“Everything I need.” We might have hoped that Fox had broadened the scope of his concerns to include not just his own needs but the needs of his family, especially his wife. He speaks always with appreciation for his wonderful Tracy. There is no question that he loves her and values her, but it is a bit troubling that he does not acknowledge more directly his awareness that his Parkinson’s sharply curtails not only his freedom, but also hers. I wonder if he has read Barbara Sheklin Davis’s Advice from a Parkinson’s Wife. [Nisha: can you include here a link to my review of Davis’ book?]

The year 2018 was especially rough for Michael J. Fox. We get that. But it must also have been especially rough for his wife. We don’t get that from reading his narrative. There is little evidence that he thought much about the implications for her of his decision to have the tumor surgically removed from his spine or his decision to have his smashed left arm repaired.

None us want to give up walking and biking and driving and bussing, but when we must, someone else will have to take us to the places we need — or think we need — to get to. None of us want to give up feeding and dressing and toileting and showering and medicating ourselves, but when we must, someone else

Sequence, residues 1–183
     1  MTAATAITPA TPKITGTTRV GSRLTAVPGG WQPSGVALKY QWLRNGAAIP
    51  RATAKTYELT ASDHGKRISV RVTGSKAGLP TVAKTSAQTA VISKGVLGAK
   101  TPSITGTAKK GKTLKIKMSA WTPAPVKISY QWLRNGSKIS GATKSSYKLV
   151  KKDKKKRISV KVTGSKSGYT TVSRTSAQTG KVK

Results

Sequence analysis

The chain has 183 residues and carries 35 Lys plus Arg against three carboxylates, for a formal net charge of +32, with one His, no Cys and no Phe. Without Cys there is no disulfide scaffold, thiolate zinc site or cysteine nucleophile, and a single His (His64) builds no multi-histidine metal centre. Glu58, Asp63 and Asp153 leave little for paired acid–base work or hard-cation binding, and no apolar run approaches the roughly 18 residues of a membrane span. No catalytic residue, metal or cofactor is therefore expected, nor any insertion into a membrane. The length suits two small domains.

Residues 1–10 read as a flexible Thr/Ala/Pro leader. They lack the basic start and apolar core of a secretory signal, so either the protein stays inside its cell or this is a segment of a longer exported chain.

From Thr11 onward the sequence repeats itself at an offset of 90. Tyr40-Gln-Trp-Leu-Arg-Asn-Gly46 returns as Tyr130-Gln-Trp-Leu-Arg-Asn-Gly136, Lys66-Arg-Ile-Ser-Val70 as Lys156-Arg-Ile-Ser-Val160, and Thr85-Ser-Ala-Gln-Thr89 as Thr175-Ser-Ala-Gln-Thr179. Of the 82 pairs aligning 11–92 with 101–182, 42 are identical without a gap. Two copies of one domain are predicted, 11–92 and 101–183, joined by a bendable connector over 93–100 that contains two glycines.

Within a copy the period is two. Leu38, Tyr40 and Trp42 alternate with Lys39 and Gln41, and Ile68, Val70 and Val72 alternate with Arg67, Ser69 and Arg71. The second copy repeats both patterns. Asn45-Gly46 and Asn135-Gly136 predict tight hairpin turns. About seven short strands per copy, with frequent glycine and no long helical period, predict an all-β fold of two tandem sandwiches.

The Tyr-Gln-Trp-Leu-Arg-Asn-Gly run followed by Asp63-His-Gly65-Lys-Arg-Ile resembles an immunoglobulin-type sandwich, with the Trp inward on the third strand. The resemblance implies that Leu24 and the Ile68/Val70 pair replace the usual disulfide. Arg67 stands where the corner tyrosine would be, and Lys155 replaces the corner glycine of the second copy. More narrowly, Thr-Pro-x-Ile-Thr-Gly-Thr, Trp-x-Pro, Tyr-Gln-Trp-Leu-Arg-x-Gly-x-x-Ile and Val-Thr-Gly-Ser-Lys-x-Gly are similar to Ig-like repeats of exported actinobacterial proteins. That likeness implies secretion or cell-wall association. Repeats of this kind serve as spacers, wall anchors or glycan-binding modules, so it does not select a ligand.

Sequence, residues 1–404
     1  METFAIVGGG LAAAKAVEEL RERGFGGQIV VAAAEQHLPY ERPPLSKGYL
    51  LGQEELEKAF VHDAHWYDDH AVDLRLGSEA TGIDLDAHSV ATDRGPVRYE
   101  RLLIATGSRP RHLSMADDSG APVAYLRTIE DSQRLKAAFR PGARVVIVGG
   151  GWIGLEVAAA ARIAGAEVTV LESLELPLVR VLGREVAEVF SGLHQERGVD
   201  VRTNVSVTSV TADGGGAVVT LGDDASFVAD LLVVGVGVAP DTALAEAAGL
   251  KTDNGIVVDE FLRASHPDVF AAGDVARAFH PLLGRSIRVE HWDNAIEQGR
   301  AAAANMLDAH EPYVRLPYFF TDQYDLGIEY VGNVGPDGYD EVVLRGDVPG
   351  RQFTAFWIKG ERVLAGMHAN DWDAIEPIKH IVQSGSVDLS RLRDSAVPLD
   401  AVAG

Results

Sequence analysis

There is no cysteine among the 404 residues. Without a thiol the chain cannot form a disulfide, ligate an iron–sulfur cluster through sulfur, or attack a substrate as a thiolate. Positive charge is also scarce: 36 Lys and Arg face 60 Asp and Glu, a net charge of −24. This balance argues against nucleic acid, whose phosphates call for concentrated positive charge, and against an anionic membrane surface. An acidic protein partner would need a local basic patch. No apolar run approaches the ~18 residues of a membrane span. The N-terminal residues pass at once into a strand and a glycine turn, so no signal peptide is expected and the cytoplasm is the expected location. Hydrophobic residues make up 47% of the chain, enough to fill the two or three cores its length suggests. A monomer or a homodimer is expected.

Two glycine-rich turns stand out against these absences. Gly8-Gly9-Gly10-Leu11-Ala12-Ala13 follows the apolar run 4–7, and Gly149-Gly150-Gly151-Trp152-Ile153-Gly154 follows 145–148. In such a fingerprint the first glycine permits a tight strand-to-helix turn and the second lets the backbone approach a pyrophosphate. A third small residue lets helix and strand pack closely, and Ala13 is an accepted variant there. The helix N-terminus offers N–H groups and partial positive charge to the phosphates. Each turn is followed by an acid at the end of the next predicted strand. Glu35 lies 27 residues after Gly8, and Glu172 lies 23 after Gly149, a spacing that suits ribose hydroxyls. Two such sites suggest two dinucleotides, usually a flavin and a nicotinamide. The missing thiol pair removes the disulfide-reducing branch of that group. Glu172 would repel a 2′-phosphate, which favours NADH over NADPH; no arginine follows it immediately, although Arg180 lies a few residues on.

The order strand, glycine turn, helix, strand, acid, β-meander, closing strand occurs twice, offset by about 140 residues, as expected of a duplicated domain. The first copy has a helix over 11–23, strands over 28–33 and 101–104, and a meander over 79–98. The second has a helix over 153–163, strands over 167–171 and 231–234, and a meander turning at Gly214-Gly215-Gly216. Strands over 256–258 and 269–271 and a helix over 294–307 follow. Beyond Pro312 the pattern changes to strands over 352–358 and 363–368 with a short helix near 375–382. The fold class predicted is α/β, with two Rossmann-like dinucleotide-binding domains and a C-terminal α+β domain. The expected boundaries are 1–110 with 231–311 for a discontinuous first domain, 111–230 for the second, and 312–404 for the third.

will have to do all that for us or with us, or arrange for — and pay for — another person to do them for us or with us. None of us want to give up our self-reliance, but as our disease robs us of one ability after another, we must rely more and more on someone else. For those of us who are married, that someone else is most often our spouse.

For the most part, Parkinson’s grinds slow. Each day is pretty much like the last one and the next one. But occasionally something unusual happens: a new kind of stumble, a new problem diagnosed, a chance to try a new medicine, an opportunity for a dangerous surgery, or a need to switch to a wheelchair.

Those are all natural transition spots that signal an opportunity to think about what comes next. Most of us, most of the time, will say “yes, let’s do whatever we can to extend our lives.” But one of these times perhaps we should say “no” or at least pause before we yield again to the automatic “yes.” Among the many questions to think about during the pause is this one: Honestly now, if I were to base my answer solely on what would be best for my spouse, would my automatic “yes” sound more like, “Well, actually, hasn’t she suffered enough taking care of me? Hasn’t she earned the right to a life free of the need to be my constant caregiver?”

I would have welcomed some acknowledgment of the fact that if Michael J. Fox rises up after a fall, his